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Sunday, August 31st 2014

12:05 AM

Daily Reading

A READING from: "In The Company of The Holy Mother"
(available at all Vedanta Centres)

Page 341

Swami Ishanananda:

In this connection I am reminded of another incident. Once venerable Gauri-Ma was on her way to Jayrambati from Koalpara to see Mother. She took me with her (as a guide) and left Koalpara in the afternoon. On reaching the river near Jayrambati, she found that daylight lingered still, and so she hit upon a plan and waited there.

A little after nightfall she reached the main door of Mother's house. Asking me to wait outside, she advanced a little and in imitation of beggars cried out, "May I have a little alms, mother!" At this the youngest aunt (Radhu's mother) came out and enquired, "Who is that?" Gauri-Ma repeated, "May I have a little alms, Mother?"

Aunt was now totally put out at this unusual appearance of a beggar at night. She cried in terror and ran to Mother. At her cry, Mother came out slowly and demanded in a firm voice, "Who is that?" Gauri-Ma kept at her own place and repeated, "May I have a little alms, mother? I am a nightly beggar."

Mother recognized Gauri-Ma's voice in the dark and said, "O, it is you *Gaur-dasi! Come in, come in. When did you arrive?" Then there was much merry-making.

*(The Master and Mother addressed her thus, probably because she had Vaishnava affiliations in the past and worshipped Sri Gauranga, Gaur-dasi meaning a servant-maid of Gaur.)

(to be continued....)


 

 

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Saturday, August 30th 2014

12:05 AM

Daily Reading

A READING from: "In The Company of The Holy Mother"
(available at all Vedanta Centres)

Page 340

Swami Ishanananda:

We rested at Vishnupur for two days, and then we started early morning in six bullock carts. At Jaypur, eight miles away, we began cooking in a small wayside hut. When the earthen vessel in which the rice was cooked was being taken from the fire, it suddenly gave way, so that the rice and gruel fell on the floor.

We were all at our wit's end. But nothing dismayed. Mother removed the gruel carefully, and placed some of the hot rice on some sAl leaves for the Master, together with the curries, and then taking out the Master's picture from the box, said with folded hands, "Thus you have ordered it today. So please help yourself to some hot food."

We could not help laughing at what Mother was doing. At this she said, "Have I not to fit myself to *circumstances? Now, will you all sit down!"

*(Referring to an instruction of the Master to herself. A second cooking was out of the questiom - time would not allow this.)

As we sat down in a circle, Mother served food on our leaves and she too sat down at one corner for her meal; and she remarked, "The cooking is fine." Soon after finishing our meal, we restarted the carts and reached Koalpara at about 11 o'clock at night.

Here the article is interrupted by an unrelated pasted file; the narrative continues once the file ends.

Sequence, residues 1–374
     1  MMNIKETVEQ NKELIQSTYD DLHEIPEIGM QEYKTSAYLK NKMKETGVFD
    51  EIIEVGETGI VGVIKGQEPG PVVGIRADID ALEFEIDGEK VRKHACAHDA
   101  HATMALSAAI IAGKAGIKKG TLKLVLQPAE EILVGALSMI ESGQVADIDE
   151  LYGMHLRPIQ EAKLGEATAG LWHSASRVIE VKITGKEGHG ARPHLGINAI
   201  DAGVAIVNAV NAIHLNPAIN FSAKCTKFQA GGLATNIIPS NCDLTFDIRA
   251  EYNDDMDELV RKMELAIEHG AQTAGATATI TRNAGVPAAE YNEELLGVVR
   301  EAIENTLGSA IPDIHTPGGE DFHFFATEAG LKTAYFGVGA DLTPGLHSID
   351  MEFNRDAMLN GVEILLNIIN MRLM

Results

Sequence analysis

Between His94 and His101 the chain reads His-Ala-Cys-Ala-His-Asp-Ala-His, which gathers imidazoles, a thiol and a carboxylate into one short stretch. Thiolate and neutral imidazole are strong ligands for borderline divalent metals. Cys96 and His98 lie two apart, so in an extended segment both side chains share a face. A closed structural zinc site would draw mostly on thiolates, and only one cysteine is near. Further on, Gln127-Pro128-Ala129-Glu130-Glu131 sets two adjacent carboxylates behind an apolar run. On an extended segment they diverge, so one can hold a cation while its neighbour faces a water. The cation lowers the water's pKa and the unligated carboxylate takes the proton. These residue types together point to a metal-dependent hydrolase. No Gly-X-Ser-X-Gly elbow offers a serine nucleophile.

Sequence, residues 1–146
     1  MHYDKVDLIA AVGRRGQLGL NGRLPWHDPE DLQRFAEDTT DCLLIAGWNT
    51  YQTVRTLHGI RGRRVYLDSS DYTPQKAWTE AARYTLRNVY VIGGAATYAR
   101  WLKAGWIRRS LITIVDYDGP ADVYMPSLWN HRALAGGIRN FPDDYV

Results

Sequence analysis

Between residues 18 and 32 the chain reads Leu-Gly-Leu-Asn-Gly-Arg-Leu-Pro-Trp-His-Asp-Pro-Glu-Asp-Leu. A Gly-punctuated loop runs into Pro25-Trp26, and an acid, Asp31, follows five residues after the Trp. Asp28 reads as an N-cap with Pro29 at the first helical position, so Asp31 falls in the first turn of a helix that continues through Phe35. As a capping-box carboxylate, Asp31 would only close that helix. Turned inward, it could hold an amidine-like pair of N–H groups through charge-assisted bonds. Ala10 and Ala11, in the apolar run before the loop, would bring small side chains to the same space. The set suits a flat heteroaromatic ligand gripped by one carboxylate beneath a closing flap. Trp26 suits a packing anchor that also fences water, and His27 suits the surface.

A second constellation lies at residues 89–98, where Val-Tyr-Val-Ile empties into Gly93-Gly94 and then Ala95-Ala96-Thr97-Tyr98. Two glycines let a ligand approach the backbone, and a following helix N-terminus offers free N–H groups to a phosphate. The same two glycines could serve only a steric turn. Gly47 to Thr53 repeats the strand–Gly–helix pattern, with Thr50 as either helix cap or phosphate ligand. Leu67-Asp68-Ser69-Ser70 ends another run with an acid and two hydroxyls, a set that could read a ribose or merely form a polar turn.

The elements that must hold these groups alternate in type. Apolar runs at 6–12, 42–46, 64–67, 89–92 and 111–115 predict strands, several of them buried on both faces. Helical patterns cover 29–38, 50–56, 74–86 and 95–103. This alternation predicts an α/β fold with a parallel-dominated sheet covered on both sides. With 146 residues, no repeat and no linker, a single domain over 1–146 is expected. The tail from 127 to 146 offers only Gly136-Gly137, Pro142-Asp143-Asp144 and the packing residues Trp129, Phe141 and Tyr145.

(to be continued....)


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Friday, August 29th 2014

12:05 AM

Daily Reading

A READING from: "In The Company of The Holy Mother"
(available at all Vedanta Centres)

Page 339

Swami Ishanananda:

A few months later I was staying at the Belur Math. Radhu was ailing at the 'Udbodhan'. She could not bear any sound. So Mother moved with her to the boarding house of the Sister Nivedita Girl's School.

I used to go there very often to meet Mother. She was very much worried, and said, "Of a truth, where am I to go with her? There is solitude in the country, but there is no medical help worth mentioning."

At noon of the birthday celebrations of Swami Vivekananda, I heard all of a sudden that Mother was leaving for her village. In obedience to Sharat Maharaj's order, I hurried to the 'Udbodhan' at evening, so as to able to accompany Mother.

Going upstairs, I found Mother arranging some coir ropes. As soon as she saw me, she said, "I am going to the village along with this unlimited responsibility (meaning Radhu's care). What about your coming with me? You all are my only hope there."

I saluted her and said, "I shall be always at your bidding. There can be no nay, when it comes to going with you."

Mother said, "That's it, my son. Take care of these ropes and other things and get them all ready packed; I have not been able to arrange anything as yet. I was waiting for you, and taking a turn at getting ready the ropes."

With Mother's help, I finished packing at 11 o'clock at night, and we started very early next morning.

(to be continued....)

 

 

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Thursday, August 28th 2014

12:05 AM

Daiiy Reading

A READING from: "In The Company of The Holy Mother"
(available at all Vedanta Centres)

Page 338

Swami Ishanananda:

After gaining a little strength, Mother reached Jayrambati from Koalpara with Sharat Maharaj and others, on the appointed day. All the men and women of the village cam to see Mother. Some said, "Mother, we almost gave up hope that we should see you again."